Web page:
6. Intellectual Property Protection in Mexico vs. China

Intellectual property theft and infringement have been a longstanding concern for manufacturers operating in China. In fact, the U.S. Patent and Trade Office offers a China IPR Toolkit meant to help U.S. companies protect their IP when operating in China.

A country's legal framework surrounding intellectual property is crucial to manufacturing success. This is one reason that the USMCA agreement lays out a framework for ensuring IP protection for all parties. Independent of this agreement, Mexico has a much more robust system for enforcing IP regulations when compared to China’s manufacturing sector.

7. Operational Simplicity in Mexico vs. China

There is no denying Mexico's proximity to the U.S. is an asset for manufacturers. In addition to reducing shipping times, this nearness makes it easy for executives to travel between the two countries at a lower cost. This affords companies the ability to easily and cost-effectively conduct routine training, oversee logistical issues, and perform quality control checks.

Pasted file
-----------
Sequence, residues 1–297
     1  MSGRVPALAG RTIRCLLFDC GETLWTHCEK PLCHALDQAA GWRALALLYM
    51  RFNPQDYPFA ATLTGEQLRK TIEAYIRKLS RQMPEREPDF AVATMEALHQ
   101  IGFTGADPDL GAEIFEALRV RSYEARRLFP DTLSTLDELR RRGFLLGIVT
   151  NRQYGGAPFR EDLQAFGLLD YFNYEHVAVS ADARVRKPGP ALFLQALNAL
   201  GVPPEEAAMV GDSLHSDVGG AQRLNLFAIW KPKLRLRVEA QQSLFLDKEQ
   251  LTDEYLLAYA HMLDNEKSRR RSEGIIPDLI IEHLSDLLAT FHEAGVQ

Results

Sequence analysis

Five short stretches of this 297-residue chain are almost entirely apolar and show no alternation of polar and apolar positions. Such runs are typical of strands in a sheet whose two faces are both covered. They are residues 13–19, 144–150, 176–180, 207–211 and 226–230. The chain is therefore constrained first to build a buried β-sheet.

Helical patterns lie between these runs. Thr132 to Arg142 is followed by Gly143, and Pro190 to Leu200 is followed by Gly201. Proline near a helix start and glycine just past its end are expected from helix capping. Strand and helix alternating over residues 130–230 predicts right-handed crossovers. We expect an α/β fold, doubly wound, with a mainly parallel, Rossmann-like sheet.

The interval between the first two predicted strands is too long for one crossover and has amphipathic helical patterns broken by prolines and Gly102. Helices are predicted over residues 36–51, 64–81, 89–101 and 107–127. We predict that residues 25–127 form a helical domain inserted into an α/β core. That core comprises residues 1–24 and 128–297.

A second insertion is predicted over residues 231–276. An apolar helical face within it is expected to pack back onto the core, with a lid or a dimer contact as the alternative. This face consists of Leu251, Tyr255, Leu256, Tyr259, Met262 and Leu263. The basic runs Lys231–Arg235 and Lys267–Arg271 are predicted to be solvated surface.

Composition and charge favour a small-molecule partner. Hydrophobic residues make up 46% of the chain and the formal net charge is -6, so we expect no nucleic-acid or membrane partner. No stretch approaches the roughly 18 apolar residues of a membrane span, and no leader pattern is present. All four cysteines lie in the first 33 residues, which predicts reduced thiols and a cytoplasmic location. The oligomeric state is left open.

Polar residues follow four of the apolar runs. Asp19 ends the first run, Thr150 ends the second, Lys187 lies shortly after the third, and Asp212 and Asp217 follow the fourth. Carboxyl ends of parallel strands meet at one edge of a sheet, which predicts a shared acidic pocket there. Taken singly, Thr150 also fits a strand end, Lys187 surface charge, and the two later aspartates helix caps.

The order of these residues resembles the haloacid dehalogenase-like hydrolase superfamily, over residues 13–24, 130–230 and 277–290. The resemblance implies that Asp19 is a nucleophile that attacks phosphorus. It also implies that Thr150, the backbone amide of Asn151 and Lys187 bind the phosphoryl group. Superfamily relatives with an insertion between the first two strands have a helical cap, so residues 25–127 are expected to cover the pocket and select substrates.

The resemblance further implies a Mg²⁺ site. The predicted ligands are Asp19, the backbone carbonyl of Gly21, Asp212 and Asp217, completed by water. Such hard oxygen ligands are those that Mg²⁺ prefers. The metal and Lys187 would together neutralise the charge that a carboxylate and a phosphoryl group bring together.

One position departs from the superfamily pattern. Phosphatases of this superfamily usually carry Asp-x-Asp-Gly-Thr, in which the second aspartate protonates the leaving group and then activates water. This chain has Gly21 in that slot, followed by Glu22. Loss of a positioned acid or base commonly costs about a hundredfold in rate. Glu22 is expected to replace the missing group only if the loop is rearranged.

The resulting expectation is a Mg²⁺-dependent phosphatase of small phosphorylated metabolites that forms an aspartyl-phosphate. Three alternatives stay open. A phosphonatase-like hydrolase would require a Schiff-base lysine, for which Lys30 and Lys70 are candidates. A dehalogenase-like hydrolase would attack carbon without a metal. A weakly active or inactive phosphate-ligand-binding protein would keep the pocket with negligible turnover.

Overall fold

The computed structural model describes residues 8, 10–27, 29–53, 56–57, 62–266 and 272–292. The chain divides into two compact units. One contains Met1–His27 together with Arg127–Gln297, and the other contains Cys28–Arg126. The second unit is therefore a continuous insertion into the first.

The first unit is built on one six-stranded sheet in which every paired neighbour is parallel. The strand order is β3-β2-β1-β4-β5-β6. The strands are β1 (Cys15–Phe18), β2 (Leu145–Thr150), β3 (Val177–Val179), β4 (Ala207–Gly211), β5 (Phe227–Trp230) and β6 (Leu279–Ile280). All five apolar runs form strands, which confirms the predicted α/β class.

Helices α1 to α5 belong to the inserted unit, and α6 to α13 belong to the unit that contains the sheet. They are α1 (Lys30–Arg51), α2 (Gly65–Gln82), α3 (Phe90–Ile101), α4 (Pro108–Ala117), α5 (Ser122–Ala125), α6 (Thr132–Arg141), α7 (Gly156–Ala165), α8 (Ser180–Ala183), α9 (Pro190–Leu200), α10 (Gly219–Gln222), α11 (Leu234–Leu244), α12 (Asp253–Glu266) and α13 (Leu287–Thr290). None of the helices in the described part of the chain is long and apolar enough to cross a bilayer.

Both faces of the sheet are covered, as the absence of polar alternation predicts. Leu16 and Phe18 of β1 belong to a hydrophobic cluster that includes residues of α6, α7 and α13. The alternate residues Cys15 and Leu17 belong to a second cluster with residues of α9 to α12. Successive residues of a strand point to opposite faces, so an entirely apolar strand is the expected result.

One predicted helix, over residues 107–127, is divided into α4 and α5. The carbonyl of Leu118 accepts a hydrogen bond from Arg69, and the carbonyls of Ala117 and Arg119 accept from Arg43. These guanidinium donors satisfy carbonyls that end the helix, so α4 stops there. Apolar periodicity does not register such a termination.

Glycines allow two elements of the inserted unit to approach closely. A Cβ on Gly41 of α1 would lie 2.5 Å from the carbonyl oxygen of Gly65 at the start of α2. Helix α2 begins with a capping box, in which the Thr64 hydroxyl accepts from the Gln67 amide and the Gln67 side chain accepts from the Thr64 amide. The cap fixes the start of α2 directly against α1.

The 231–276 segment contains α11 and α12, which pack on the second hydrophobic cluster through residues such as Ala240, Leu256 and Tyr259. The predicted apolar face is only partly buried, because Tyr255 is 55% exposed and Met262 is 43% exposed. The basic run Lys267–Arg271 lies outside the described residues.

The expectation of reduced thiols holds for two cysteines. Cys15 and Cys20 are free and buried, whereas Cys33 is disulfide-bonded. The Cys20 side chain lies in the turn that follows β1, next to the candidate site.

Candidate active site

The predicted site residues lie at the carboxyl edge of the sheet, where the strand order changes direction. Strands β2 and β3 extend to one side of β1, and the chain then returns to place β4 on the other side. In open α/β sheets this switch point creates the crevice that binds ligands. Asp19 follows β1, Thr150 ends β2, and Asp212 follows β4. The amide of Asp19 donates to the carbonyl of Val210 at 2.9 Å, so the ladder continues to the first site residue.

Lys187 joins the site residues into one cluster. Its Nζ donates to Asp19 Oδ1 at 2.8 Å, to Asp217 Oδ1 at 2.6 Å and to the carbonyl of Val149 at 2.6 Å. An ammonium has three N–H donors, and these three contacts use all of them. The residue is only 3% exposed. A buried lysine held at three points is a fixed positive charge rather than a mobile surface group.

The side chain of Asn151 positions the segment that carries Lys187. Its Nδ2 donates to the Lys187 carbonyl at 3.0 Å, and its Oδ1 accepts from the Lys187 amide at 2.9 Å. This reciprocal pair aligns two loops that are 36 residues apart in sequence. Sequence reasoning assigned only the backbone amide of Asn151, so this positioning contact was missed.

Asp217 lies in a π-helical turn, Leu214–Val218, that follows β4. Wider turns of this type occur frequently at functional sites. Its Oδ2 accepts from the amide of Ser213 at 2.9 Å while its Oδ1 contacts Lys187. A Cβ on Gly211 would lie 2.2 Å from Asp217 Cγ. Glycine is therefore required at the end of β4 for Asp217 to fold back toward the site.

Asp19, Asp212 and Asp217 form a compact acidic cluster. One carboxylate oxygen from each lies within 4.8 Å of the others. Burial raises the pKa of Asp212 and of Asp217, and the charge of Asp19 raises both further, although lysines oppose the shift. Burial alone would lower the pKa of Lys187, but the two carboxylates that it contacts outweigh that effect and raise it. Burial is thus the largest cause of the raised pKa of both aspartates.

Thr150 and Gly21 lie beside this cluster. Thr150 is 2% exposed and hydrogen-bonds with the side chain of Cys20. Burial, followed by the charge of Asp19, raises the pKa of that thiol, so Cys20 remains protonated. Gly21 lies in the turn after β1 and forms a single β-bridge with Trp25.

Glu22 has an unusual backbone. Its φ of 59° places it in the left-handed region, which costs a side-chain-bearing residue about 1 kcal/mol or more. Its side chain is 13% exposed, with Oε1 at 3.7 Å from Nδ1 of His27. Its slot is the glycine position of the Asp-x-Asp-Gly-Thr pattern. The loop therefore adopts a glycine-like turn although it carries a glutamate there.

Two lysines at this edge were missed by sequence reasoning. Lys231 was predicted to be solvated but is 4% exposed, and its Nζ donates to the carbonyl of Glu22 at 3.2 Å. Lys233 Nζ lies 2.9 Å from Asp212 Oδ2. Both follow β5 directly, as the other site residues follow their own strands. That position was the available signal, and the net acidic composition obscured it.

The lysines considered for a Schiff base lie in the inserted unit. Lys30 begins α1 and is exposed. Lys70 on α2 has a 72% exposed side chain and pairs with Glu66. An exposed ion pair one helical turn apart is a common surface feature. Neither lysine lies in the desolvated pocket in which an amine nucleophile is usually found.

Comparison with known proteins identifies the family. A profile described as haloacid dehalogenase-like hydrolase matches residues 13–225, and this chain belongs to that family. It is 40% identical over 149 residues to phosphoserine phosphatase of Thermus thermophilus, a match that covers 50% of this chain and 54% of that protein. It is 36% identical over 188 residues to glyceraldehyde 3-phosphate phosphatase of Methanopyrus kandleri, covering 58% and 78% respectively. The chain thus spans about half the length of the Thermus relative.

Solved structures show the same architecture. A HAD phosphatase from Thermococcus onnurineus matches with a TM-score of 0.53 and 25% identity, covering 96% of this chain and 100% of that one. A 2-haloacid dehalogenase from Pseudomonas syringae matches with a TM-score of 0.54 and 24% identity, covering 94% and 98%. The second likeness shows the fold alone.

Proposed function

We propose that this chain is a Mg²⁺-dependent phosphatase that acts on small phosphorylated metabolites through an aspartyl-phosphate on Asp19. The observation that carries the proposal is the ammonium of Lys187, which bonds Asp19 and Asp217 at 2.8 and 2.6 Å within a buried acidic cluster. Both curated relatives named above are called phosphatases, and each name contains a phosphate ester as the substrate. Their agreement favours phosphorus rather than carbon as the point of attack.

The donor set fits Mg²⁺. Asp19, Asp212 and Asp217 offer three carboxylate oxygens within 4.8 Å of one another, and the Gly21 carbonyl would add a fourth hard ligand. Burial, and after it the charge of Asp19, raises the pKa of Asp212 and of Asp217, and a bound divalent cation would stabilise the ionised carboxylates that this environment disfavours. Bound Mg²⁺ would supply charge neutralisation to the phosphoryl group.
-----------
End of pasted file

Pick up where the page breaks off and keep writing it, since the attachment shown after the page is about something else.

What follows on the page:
Simple factors like sharing time zones also make it easy for executives in the U.S. to communicate with their Mexico-based partners, boosting manufacturing efficiency rapidly. Moreover, cultural similarities, including language, make management and communication relatively straightforward and open between the U.S. and Mexico.

The right site in Mexico can give you a competitive advantage

Manufacturing in Mexico is a strategic move that benefits businesses by saving them money and operational frustration. It’s why even manufacturers who have had a strong presence in China are making the move to Mexico.

When determining the advantages of various locations, we hope you will consider these critical differentiators as part of the decision-making process. Remember, too, that various sites within a country will offer their own unique advantages. Tetakawi can help you find the right site in Mexico to give you a competitive edge. Contact Tetakawi to learn more.